You've already seen "It's a Wonderful Life" for the umpteen billionth time. Now what?
No disrespect to Frank Capra's classic of small-town values and undying loyalty, but could you really blame the average moviegoer for wishing that, just once, when George Bailey jumps in the river to save Clarence, neither of them surfaces?
Ask 10 people for their favorite Christmas movie, and nine of them will probably say "It's a Wonderful Life," if only because it's the only one they can think of (the 10th will say "Gone With the Wind," because that's the only movie of any kind he can think of). Years of multiple holiday showings can do that to a film, and an audience.
But this sort of monopoly has got to end. There are plenty of holiday films out there that don't star Jimmy Stewart. Here are a dozen and one examples, all available on video.
* "A Christmas Story" (1983): This hilarious film speaks to every baby boomer (and more than a few post-baby boomers) who ever sat on Santa's knee, or watched as Mom and Dad struggled fruitlessly to put the lights on the tree, or wanted something for Christmas they knew they would never get. The only thing poor Ralphie (a pitch-perfect performance from Peter Billingsley) wants Santa to bring him is a Red Ryder BB gun; all he hears from his mom is, "You'll poke your eye out with that thing." Based on the writings of Jean Shepherd, who also narrates.
* "Christmas In Connecticut" (1945): A screwball classic with Barbara Stanwyck as scheming newspaper columnist Elisabeth Lane, whose utter hopelessness as a housewife (even though her column makes her out to be the best ever) is nearly exposed when her editor forces her to take in a Navy hero (Dennis Morgan) for the holidays.
* "Meet Me In St. Louis" (1944): Although not entirely a Christmas film -- it's about a family forced to move from old-style St. Louis to big-city New York at the turn of the century -- Judy Garland's heartbreaking rendition of "Have Yourself a Merry Little Christmas" makes it a classic. Anyone who thinks this is a happy song hasn't been listening.
* "Big Business" (1928): A silent short from Laurel and Hardy, one of their best. The boys play door-to-door Christmas tree salesmen in July. When a would-be customer (the always-threatening-to-explode Jimmy Finlayson) slams the door on their product, what starts as a minor ruckus soon escalates into a destructive force to rival any tornado. Gut-bustingly funny.
* "Santa Claus Conquers the Martians" (1964): Perfectly awful grade-Z fare, with John Call as a Santa kidnapped by jealous Martians who want Christmas on their planet. Includes a pre-teen Pia Zadora(!) as one of the green-faced Martians. To quote film historian Frank Thompson, "It's a film you can laugh at, or with, or both."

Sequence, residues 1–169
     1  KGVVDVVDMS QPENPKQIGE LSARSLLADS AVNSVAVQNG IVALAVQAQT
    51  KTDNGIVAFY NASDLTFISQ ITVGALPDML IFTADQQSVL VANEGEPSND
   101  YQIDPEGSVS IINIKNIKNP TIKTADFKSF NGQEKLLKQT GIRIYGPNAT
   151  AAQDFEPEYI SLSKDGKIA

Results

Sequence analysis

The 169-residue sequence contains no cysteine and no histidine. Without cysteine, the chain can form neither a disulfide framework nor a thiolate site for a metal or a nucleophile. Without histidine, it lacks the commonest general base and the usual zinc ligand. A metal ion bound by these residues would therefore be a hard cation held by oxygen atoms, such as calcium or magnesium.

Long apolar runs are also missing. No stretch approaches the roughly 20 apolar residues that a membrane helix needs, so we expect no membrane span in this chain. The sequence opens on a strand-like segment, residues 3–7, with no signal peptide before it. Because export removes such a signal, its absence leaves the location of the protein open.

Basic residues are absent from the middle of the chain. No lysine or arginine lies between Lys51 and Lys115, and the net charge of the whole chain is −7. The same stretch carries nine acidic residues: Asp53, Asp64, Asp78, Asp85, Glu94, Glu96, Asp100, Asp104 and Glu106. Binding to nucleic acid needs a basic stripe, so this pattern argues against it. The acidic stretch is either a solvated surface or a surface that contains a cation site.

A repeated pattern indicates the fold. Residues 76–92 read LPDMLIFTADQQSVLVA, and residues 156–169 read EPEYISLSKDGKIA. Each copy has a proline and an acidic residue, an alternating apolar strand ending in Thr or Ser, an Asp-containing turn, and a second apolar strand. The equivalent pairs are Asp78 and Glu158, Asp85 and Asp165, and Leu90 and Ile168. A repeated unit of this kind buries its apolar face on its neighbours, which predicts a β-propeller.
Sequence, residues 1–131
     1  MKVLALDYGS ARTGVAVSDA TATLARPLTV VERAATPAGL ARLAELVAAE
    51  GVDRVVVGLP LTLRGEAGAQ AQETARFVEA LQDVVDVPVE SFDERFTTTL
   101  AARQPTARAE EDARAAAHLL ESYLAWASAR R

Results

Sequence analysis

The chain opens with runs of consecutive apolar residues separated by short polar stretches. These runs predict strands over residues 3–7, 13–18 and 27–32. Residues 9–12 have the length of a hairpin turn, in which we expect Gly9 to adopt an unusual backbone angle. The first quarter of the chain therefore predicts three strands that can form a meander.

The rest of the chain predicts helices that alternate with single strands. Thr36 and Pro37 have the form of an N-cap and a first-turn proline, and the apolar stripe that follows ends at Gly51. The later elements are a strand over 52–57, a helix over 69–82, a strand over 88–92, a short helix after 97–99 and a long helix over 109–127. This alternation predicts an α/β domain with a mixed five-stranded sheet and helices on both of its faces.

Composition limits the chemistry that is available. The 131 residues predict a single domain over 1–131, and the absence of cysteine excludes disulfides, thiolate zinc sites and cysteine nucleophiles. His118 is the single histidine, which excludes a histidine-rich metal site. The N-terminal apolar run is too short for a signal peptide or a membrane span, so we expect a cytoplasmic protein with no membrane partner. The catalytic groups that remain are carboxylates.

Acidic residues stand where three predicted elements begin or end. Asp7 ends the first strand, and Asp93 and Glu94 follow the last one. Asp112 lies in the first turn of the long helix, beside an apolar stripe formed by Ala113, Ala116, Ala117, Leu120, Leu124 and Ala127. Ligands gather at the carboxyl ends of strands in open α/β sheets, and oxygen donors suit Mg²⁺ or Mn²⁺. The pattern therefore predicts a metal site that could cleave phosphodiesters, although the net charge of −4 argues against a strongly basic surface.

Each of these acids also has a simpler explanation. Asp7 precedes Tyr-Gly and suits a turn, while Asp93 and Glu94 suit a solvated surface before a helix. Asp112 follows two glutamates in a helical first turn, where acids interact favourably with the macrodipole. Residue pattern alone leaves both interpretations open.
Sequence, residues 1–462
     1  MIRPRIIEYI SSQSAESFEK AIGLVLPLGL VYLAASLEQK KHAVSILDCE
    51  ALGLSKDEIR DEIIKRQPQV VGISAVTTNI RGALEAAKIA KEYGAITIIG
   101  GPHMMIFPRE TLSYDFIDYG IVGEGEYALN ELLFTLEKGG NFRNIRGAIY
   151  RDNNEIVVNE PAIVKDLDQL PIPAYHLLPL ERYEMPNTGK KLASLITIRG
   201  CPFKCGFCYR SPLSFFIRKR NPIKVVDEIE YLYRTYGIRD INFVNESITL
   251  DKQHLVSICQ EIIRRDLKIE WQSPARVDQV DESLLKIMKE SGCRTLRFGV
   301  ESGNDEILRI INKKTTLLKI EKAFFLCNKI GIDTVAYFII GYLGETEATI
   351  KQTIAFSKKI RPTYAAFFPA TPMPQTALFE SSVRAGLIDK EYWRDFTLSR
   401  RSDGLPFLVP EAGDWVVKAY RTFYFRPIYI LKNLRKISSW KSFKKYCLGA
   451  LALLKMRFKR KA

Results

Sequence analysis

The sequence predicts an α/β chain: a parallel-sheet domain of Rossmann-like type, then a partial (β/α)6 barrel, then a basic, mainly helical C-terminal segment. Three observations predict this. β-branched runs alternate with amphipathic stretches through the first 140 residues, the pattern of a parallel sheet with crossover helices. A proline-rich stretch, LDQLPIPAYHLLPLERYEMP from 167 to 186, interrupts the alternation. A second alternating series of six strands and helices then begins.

* "The Santa Clause" (1994): Tim Allen is Scott Calvin, the clueless dad whose roof proves too slippery for the real Saint Nick. When Calvin puts on Santa's suit, he finds himself -- at first unwillingly -- stuck with delivering presents all over the world Christmas Eve. Gently funny, and the elves are a stitch.
* "A Christmas Carol" (1951): Sorry, George C. Scott fans, but this is the definitive version of Charles Dickens' holiday classic. Most people couldn't name an-other film starring Alastair Sim, but his Scrooge is one for the ages. When he finally smiles, hearts melt.
* "Miracle On 34th Street" (1947): On the subject of definitive characterizations, don't forget Edmund Gwenn as Kris Kringle, the elderly New Yorker who really believes he's Santa Claus; he certainly looks (and acts) the part. Includes wonderful footage of 1940s-era Macy's Thanksgiving parades and a winning star turn from a very young Natalie Wood. True Christmas magic.
* "Holiday Inn" (1942) and "White Christmas" (1954): Two chances to hear Bing Crosby sing Irving Berlin's "White Christmas," which is reason enough to watch. In the black and white "Holiday Inn," Crosby is a song-and-dance man who adds spice to his retirement by opening his New England farm as an inn on national holidays; in the color "White Christmas," Crosby and Danny Kaye are a song-and-dance team who come to the rescue of a troubled New England ski resort.
* "Black Christmas" (1975): Here's the one to watch if your tastes run toward a gore-filled holiday. Margot Kidder, Olivia Hussey and Andrea Martin are three dorm residents at a Canadian college who decide not to go home for the holidays. Big mistake, because a psychopath named Billy (Keir Dullea) is having a little too much fun with sharp objects.
* "A Midnight Clear" (1992): Set in the Ardennes Forest during the waning days of World War II, this film features Ethan Hawke, Kevin Dillon, Gary Sinise, Peter Berg, Frank Whaley and Ayre Gross as members of an intelligence squad sent to occupy an abandoned chateau. A little holiday magic establishes a bond between them and some nearby German troops, with tragic results.
* "The Nightmare Before Christmas" (1993): Director Tim Burton, who has one of the most consistently bizarre visions in Hollywood, uses stop-motion and replacement animation to breathe life into this visually arresting tale of a group of Halloween figures, led by Jack Skellington, determined to put their own stamp on Christmas.